The motor 10 is conveniently coupled through gears 56 to a load device 58 in the load 12. Another portion of the gears 56 may be used to enable the tachometer 34 to measure the speed of the motor 10.
FIG. 2 is a graphical analysis of the effects of the various types of frictional forces which can exist in a drive system having a particular load. For any change in the size of the load of a drive system, the magnitude of the torque may change, but the resultant torque can, nevertheless, s ill be resolved into components of the three types already described.
As a result of coulomb friction, a torque occurs which is constant at all speeds of the drive system. This torque opposes movement in the desired direction of rotation, as shown in FIG. 2(a). Stiction produces a torque opposing the direction of rotation for a short time as the drive system breaks away from its rest position. This torque decreases at a very low speed, as shown in FIG. 2(b). A torque which increases in magnitude with the speed is a result of viscous friction, as shown in FIG. 2(0).
In typical drive systems encountered in practice, resultant frictional torques comprise a combination of two or three of the types of torque shown in FIG. 2. While viscous frictional torque i seldom difficult to overcome, the discontinuous nature of the torque resulting from coulomb friction and stiction impose many transient disturbbances on drive systems.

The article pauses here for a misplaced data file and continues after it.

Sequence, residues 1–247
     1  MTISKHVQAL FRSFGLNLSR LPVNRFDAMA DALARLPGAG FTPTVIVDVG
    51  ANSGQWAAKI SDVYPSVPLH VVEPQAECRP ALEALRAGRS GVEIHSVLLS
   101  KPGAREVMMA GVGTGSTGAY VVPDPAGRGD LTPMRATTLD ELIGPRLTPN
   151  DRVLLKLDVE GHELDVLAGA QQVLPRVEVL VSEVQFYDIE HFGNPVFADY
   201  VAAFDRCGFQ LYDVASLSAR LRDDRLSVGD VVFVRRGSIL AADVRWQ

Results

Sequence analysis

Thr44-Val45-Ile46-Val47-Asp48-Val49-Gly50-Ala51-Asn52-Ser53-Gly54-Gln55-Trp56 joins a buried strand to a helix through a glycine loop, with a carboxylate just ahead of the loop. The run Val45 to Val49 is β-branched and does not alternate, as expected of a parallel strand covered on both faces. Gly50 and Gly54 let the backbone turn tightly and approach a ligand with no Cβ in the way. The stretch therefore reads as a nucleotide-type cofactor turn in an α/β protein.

In order to compensate for the discontinuous torques provided by these frictional forces, this invention provides a circuit, generally shown as 60, for automatically supplementing the actuating signal magnitude as a result of an input signal to the regulator 13 so that the torque produced by the adjustable speed drive system increases as needed during start-up from a rest position or during a reversal of direction of the drive system. The circuit 60 includes means which, in response to input signals while the motor is rotating in any direction, provide a constant signal and a short duration signal to increase the motor torque. In the circuit 60, a resistance 62 couples reference signals to an amplifier 64 which amplifies and inverts the signal. The output of the amplifier 64 is coupled through a network comprising an R-C circuit 66, consisting of a resistance 68 and a capacitance 70, and a resistance 72. Current flow through the resistance 68 from the amplifier 64 helps to overcome the effects of conlomb friction. The capacitor 70 in the R-C circuit 66 temporarily increases the signal level at the junction 40, requiring a step-like increase in the motor torque which can overcome the effects of stitcion. The ratio between stiction compensation and coulomb friction compensation can be adjusted by changing the relative values of the resistances 68 and 72.